3. Autofocus Speed: Mirrorless cameras typically offer faster and more accurate autofocus, especially in video mode, thanks to advancements in their sensors and autofocus technologies. They typically have better continuous autofocus which allows you to track a subject in video mode or while doing photography.

4. Lens Availability: DSLRs have a broader range of lenses, thanks to their long-standing presence in the market. However, mirrorless systems are rapidly catching up, with many manufacturers expanding their lens offerings. You can also buy adaptors which allow you to use your DSLR lenses on a mirrorless camera.

5. Video Performance: Mirrorless cameras generally outperform DSLRs in video. They are lighter, more compact, and often include features better suited for video recording. The biggest things that can make mirrorless cameras easier to use when doing video is the focus peaking and zebras which most mirrorless cameras offer you even at an entry-level cost. These two things make exposure and grabbing focus more foolproof.

6. Viewfinder: DSLRs offer an optical viewfinder, providing a direct optical view through the lens. In other words, you see the real world. Mirrorless cameras use electronic viewfinders which can display more shooting information and offer a digital preview of the final image.

I really prefer the optical viewfinder for photography. Alternatively, I do like to shoot photography while looking at the LCD screen. I don’t like doing photography off while looking through the EVF.

7. Beginner Friendliness: Mirrorless cameras can be more user-friendly for beginners due to their lighter weight and the helpfulness of an electronic viewfinder for learning exposure and composition. But for photography, many people prefer DSLRs, even today.

8. Price Range: The price varies in both categories. While mirrorless cameras can be more expensive, there are budget-friendly options, just as there are in the DSLR category.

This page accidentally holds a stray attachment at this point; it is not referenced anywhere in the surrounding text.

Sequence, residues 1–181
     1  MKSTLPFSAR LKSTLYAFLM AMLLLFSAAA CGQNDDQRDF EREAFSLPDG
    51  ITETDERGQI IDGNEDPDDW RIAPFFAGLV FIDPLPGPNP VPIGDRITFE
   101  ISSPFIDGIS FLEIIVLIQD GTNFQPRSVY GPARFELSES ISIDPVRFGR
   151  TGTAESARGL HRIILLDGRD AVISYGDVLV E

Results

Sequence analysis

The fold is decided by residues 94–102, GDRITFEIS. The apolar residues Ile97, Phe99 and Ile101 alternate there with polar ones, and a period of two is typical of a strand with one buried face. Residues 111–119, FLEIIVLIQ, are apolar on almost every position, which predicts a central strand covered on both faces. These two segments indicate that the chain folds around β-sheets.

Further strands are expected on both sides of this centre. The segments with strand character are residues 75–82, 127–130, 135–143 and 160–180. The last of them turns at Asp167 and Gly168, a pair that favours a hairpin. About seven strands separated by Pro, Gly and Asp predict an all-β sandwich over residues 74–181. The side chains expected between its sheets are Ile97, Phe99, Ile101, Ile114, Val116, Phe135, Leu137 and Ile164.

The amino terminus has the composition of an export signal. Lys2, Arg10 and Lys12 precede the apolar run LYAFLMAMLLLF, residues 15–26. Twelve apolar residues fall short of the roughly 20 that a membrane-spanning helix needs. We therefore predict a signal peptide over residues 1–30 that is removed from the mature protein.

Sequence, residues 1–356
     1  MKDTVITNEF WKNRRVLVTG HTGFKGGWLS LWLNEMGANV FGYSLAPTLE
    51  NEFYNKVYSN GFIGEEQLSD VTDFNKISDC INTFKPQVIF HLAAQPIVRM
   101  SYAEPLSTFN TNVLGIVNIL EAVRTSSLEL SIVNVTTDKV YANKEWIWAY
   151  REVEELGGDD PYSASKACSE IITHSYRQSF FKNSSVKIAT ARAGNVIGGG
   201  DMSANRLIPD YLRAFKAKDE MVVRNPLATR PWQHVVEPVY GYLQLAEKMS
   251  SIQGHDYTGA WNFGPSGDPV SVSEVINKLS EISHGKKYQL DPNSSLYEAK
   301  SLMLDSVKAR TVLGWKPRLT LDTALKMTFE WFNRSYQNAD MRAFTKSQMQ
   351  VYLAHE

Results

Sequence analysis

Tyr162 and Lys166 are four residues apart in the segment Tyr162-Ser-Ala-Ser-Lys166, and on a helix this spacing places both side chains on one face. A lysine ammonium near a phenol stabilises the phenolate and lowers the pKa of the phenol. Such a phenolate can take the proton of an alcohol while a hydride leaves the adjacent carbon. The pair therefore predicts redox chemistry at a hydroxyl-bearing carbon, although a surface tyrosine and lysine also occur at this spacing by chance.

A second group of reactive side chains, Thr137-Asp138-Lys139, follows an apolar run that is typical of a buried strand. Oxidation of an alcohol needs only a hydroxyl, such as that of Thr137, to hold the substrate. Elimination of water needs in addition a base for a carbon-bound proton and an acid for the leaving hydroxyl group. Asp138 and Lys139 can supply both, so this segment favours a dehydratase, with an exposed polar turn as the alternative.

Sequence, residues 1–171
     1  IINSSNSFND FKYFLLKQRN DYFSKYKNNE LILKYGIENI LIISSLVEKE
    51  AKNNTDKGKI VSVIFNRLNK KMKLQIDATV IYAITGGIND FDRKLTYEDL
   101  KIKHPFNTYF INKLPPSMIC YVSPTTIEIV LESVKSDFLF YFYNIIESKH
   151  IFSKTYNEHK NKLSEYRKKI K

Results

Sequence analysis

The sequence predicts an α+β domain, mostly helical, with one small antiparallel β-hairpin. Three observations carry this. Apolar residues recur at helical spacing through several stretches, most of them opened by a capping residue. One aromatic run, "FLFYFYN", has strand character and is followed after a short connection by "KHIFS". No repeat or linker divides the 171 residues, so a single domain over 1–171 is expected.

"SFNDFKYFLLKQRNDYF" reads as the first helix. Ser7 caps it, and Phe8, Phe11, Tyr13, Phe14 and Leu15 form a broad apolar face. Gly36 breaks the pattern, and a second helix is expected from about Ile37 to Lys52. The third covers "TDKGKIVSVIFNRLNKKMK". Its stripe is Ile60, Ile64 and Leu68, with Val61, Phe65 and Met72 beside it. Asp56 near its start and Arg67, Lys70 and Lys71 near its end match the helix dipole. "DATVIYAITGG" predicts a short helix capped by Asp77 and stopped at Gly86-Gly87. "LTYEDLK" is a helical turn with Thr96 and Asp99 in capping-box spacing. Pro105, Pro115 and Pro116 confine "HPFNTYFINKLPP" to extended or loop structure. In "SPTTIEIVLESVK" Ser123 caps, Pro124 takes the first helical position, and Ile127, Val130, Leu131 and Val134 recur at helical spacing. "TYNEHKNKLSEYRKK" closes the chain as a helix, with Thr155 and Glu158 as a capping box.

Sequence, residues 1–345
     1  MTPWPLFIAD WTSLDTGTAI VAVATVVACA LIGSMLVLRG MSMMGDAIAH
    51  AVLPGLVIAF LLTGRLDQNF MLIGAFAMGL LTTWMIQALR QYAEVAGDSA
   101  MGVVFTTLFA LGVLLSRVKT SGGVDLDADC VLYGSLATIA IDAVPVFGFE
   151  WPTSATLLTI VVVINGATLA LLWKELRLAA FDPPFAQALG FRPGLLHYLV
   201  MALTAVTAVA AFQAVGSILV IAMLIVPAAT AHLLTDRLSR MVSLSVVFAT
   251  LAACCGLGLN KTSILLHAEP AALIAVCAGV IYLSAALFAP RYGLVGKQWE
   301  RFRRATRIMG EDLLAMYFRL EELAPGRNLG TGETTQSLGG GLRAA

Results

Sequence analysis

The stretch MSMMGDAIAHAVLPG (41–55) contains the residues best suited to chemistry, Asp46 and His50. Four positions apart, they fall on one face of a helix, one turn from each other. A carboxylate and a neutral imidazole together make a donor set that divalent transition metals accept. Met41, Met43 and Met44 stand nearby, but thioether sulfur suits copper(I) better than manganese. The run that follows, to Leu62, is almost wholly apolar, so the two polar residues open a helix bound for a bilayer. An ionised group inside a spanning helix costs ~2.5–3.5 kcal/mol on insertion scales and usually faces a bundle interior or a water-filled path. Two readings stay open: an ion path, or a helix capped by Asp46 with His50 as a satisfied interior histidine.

Related Post: Best Camera for Beginners: Video, Photography, and Content Creation

DSLR, or Digital Single-Lens Reflex cameras, are known for their intricate mirror mechanism.
DSLR, or Digital Single-Lens Reflex cameras, are known for their intricate mirror mechanism.

Common Questions

What is the fundamental difference between mirrored and mirrorless cameras?

The fundamental difference between mirrored (DSLR) and mirrorless cameras is the presence or absence of a mirror mechanism.

DSLRs use a mirror to direct light from the camera’s lens to the optical viewfinder. When you take a photo, the mirror flips up, exposing the image sensor. Mirrorless cameras, on the other hand, lack this mirror. They rely on electronic displays, such as LCD screens or electronic viewfinders (EVFs), to preview the image. This design makes mirrorless cameras generally more compact and lightweight.

Does the image quality differ between DSLRs and mirrorless cameras?

Image quality depends on various factors, including the camera’s sensor size, resolution, and the quality of lenses used.

In general, there is no significant difference in image quality between DSLRs and mirrorless cameras with similar specifications. Both can produce high-quality images.

How does the autofocus speed of mirrorless cameras compare to DSLRs?

Mirrorless cameras have made significant advancements in autofocus technology and can offer very fast and accurate autofocus, often using phase-detection or contrast-detection systems. Some mirrorless cameras even surpass DSLRs in autofocus speed, but it can vary by model and brand. Modern DSLRs also have excellent autofocus systems, so the difference may not be substantial in practice.

Is there a difference in lens availability for DSLRs and mirrorless cameras?

DSLRs have been around for a longer time, so they generally have a wider selection of native lenses available.